October 2, 10:15 a.m. & 11:30 a.m. Twist & Shout: Rodeo! Get those wiggles out with music and movement for little ones at the Miller Branch. Ages 2-5 with adult; 30 min. Register online or by calling 410.313.1950.

October 3, 7:00-8:30 p.m. Get the Skinny on Weight Loss. Research shows a healthy weight is important for better health. Make the decision to weigh less now and learn a new perspective that will support you in your weight-loss management. Presented by Raj Dua, M.D. Free. Howard County General Hospital Wellness Center, 10710 Charter Drive, Columbia MD.

October 3, 7:00 p.m. Promoting Civility By Example. Discover the meaning, significance, and benefits of civility; the individual’s role in advancing it; and how civility contributes to healthy, harmonious relationships within a community. Presented by Dr. Gopal Dorai, Professor Emeritus at William Paterson University, at the Miller Branch. Register online or by calling 410.313.1950.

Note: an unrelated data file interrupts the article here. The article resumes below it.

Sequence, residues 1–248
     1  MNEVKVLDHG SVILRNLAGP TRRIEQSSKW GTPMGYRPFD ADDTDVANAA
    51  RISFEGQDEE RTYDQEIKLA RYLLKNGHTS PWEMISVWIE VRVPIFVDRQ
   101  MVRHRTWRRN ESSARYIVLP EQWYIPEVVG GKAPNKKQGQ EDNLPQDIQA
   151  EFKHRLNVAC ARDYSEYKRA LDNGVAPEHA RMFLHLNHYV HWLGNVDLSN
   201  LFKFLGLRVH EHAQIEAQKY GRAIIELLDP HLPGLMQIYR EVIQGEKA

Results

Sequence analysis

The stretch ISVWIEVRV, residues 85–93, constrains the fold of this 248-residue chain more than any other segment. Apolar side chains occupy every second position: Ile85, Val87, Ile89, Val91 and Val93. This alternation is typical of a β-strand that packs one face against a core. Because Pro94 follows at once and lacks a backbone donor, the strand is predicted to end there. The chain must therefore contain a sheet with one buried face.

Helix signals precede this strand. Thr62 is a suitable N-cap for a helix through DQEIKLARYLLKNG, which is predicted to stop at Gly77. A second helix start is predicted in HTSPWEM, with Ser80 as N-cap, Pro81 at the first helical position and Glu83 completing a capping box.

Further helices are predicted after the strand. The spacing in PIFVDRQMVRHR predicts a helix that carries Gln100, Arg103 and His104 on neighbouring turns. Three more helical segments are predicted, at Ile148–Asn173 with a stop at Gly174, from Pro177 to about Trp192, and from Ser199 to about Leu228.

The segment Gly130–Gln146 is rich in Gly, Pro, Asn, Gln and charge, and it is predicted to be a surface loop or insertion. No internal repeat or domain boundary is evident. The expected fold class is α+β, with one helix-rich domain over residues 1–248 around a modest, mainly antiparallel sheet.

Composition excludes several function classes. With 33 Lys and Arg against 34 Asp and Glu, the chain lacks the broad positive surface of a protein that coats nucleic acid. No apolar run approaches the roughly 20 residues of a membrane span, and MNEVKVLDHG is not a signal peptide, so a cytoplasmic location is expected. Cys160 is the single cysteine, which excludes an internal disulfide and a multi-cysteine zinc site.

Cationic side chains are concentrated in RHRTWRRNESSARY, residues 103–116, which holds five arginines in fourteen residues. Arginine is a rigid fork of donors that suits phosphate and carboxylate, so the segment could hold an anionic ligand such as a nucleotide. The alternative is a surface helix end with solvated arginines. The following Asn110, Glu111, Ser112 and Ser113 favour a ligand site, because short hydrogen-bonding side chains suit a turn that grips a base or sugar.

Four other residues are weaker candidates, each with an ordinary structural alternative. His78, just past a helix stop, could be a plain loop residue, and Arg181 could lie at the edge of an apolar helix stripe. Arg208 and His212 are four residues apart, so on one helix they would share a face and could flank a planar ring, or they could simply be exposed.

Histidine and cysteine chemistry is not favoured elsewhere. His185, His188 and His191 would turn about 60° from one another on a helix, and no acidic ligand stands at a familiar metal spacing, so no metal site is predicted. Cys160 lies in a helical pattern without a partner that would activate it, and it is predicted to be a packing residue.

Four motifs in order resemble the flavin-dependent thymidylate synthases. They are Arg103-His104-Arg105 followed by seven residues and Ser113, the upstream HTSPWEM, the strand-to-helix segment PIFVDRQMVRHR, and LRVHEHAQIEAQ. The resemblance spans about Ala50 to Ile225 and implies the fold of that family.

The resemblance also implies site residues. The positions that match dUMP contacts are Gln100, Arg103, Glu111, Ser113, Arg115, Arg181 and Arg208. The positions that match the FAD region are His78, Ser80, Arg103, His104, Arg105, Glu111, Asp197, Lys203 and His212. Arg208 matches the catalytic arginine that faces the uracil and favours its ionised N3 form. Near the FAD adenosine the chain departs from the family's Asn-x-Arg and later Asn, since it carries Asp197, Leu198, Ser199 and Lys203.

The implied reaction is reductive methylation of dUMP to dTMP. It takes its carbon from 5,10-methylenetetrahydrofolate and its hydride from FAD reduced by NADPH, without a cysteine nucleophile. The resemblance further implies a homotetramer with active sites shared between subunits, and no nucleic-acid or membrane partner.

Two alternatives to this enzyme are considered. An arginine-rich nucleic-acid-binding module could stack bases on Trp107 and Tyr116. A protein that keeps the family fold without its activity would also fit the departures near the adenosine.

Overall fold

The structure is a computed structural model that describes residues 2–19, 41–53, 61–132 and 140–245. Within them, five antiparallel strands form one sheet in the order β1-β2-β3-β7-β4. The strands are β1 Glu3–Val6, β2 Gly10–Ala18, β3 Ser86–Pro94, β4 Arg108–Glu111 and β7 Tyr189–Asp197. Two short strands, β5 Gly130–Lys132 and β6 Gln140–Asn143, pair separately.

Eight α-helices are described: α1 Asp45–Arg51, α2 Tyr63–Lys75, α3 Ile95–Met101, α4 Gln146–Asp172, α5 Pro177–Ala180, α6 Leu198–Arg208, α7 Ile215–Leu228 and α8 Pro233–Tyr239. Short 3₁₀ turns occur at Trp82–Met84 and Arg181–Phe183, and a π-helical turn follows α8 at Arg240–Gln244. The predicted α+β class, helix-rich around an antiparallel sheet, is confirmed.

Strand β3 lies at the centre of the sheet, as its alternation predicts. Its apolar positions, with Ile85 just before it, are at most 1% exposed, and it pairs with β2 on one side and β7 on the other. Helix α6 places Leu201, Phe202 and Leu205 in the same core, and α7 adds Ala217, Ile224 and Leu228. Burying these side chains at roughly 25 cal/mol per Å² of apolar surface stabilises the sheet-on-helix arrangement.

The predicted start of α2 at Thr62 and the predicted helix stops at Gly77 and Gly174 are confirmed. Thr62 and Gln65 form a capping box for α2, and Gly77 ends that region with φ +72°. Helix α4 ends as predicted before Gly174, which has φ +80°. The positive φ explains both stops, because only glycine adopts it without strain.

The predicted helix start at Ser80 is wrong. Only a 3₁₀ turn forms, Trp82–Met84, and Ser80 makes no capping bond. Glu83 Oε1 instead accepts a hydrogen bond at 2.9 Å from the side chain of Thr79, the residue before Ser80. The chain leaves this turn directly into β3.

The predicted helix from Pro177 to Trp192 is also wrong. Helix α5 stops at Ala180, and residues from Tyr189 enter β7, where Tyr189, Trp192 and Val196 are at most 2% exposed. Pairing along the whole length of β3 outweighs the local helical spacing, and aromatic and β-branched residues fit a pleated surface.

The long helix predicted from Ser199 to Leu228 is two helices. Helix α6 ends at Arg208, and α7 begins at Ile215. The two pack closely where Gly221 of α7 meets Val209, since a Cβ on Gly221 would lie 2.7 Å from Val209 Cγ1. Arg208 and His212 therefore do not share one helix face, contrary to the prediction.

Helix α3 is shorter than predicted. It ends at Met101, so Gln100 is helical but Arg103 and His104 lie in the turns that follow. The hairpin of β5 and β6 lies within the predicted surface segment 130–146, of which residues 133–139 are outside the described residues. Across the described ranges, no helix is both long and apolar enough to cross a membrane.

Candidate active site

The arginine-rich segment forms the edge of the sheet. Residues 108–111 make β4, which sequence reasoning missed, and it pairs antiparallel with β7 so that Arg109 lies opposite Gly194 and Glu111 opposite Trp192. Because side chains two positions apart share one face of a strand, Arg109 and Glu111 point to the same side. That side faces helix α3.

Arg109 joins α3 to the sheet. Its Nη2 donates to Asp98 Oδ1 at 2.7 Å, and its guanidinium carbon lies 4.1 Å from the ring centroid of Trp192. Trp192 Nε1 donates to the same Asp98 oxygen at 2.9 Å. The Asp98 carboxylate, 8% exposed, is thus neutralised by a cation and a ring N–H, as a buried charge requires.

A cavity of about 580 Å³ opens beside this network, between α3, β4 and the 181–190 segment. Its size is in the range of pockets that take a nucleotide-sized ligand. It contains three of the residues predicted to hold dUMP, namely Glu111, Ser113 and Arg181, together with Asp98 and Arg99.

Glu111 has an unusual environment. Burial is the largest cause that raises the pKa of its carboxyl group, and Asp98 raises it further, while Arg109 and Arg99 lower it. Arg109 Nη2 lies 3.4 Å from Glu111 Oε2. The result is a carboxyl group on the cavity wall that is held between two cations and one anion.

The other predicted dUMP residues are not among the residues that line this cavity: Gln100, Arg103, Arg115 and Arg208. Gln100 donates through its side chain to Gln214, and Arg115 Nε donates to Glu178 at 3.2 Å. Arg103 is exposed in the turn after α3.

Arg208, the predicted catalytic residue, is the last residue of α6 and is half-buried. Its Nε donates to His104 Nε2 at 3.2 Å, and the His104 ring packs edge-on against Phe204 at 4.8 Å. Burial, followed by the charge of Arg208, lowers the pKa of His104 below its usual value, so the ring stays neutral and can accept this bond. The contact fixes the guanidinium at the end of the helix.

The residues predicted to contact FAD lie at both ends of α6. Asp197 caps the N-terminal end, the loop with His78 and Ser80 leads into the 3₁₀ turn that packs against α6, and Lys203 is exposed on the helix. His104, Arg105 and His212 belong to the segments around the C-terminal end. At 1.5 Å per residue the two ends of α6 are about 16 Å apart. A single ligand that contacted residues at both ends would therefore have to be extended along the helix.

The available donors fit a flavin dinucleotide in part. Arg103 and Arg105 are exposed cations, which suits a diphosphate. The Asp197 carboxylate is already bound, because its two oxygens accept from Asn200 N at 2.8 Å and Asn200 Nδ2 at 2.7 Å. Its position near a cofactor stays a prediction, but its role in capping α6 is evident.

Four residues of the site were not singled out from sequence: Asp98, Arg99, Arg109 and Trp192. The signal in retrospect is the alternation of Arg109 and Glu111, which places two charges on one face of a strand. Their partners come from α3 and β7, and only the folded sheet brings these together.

October 4, 2-6:00 p.m. HCGH Farmers’ Market. Join us every Friday for the HCGH Farmers Market. Keep your family healthy with fresh fruits, vegetables, bread, cheese, eggs, meat and other farm products grown and produced on local Howard County Farms. New vendors this year include Misty Meadows Milk and a jewelry vendor once a month. Market is at the rear of Visitor Lot C at HCGH.

October 7, 7-8:30 p.m. Kitchen Wisdom. Sample foods and learn how to spice up healthy meals with herbs and spices for a variety of taste. Howard County General Hospital Wellness Center, 10710 Charter Drive, Columbia MD.

October 8, 1:00-3:00 p.m. Quilting Support Group for cancer patients, survivors and caregivers. Join us on the 2nd and 4th Tuesdays of each month to learn quilting and hand piecing techniques and to for time to work on projects. Free. Claudia Mayer Cancer Resource Center, 10710 Medical Pavilion, Columbia MD. Call 410-740-5858 for more information.

October 9, 5:30-9:00 p.m. Adult, Child  & Infant CPR and AED. $55. Learn the skills needed to clear an airway obstruction, perform cardiopulmonary resuscitation (CPR) and how to use an automated external defibrillator (AED). Earn a two-year American Heart Association completion card. Howard County General Hospital Wellness Center, 10710 Charter Drive, Columbia MD.